Thinking Outside the Box About “Outside the Box”

Now is the time to prepare
January 8, 2019

Thinking Outside the Box About “Outside the Box”

Guest post by Bill Fanelli

Last fall I attended a workshop led by author, marketing consultant, and University professor Drew Boyd. He challenged my thinking about innovation. He proclaimed, “Outside the Box brainstorming is a myth!” He went on to cite the research about the efficacy of classic brainstorming sessions. There is no advantage of a brainstorming group over the same number of individuals working alone. Additionally, the quality of ideas of the group is lower than if each person would have worked alone.

In my 37 years in business, I have felt the initial excitement participating in these sessions, followed by the inevitable feelings of frustration and malaise. Rather than innovative ideas, we produced ideas that represented the lowest common denominator of our collective thinking. The work felt more like the output of many committees. As comedian Milton Berle once said: “A committee is a group that keeps minutes but loses hours.” I was ripe to hear a clear alternative to my innovation paradigm. Thinking outside the box about “outside the box” is obviously…Inside the Box.

Inside the Box is the name of the book authored by Drew Boyd and Jacob Goldenberg. The fundamental premise is that most real innovation comes from looking at what’s already in front of you, what you already know, and re-imagining the relationship between the pieces and parts. Instead of going outside of what you know, constrain your idea work within a “Closed World” around what you know. The authors give many examples of inside the box from sports (Dick Fosbury) to music (Les Paul) to architecture (Bruce Graham.) They also share many compelling stories from the work of their company, Systematic Inventive Thinking, with major corporations as they helped them to deliver tangible results in the form of new products and services.

For those of us mere mortals not invited to the Creative Class Club, the authors demonstrate that real innovation is not the exclusive domain of a gifted few, but rather the application of proven processes. Drew shared 5 commonly used processes at the workshop (They are also well-described in the book):

  • Subtraction – List the core components or steps, and then remove a key component. Re-imagine the process or product with the remaining pieces. Example: Removing a back up battery from a surgical medical device (making it much lighter and easier to manufacture) and connecting it to a back-up battery of another device that is always present.
  • Division – List the components as above, and then re-arrange the parts. An alternative is to divide the components into smaller pieces while preserving the function of the whole product or process. Example: Les Paul’s invention of multi-track recording.
  • Multiplication – List the components as above, and then multiply one of the parts, while changing one attribute of that part. Example: Architect Bruce Graham’s design of the Sears Tower in Chicago.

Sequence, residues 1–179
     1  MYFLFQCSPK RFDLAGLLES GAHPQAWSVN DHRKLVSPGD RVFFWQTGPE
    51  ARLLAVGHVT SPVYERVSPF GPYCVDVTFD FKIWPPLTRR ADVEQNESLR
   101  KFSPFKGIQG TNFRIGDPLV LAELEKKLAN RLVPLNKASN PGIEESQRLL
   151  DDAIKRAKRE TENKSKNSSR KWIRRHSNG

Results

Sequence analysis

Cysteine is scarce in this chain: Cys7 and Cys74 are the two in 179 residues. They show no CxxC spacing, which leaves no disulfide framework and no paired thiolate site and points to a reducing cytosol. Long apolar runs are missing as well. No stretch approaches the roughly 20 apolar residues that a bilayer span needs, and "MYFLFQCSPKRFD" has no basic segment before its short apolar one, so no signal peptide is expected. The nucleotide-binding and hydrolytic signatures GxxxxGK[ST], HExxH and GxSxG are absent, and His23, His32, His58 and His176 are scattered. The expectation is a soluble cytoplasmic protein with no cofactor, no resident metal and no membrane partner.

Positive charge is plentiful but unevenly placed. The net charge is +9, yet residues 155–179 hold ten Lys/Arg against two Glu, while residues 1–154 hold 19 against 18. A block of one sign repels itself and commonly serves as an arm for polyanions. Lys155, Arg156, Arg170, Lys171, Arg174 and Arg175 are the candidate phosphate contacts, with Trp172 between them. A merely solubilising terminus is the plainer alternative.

• Task Unification – List the components as above. Choose one component and add another function to what it already does. Example: Scientist Louis Van Ahn’s creation of the Captcha internet security system and using our Captcha interactios to digitize150,000 old books per year.
  • Attribute dependency – Identify those components that can change with the change of an environmental variable and then visualize a new dependency. Examples: Coffee lids that change color according to the temperature of the contents. Product pricing that instantly varies with current demand in a market place.

Recently, I’ve been hired to help a local university with strategy execution.  We are using a well-known strategy execution process that uses classic brainstorming methods for both definition of goals and also to create leading indicator measures. The given process would ask members of the Enrollment Team, “What is it you’ve never done before?”, an indicator of an outside-the-box perspective.  I just couldn’t do it!  So instead, I decided to practice the inside-the-box approach. I asked several thought-starter questions that explore the inside of their box: 

  • “Look for bright spots: Can you think of  time when you or someone else positively influenced someone to apply and/or enroll at your school?  Can you think of a time when you persuaded someone to stay at the university after it was learned that they wanted to leave?  What happened in these situations?
  • Sketch out a process map  that charts the steps a prospect takes to gain interest in your university, apply, and then enroll.  Also in that map, sketch out possible and existing marketing activities to engage prospects.  
  • Across the steps of the process, what steps can be:
    • Be eliminated?
    • Be multiplied?
    • Be re-arranged?
    • Be combined?”

Not perfect by any means, but as the authors urge in their final chapter on page 224, “Practice Makes Perfect”. It’s continual practice that will help me break through my fixedness, i.e., my tendency to think that the only way to do things is what I am familiar with or what tradition says to do. I owe a big thank you  to authors Drew Boyd and Jacob Goldenberg, who helped me break through my fixedness about brainstorming and innovation, and rather, look inside myself and inside the box of my clients for innovative ideas.

Article originally posted on Fanelli Pathways.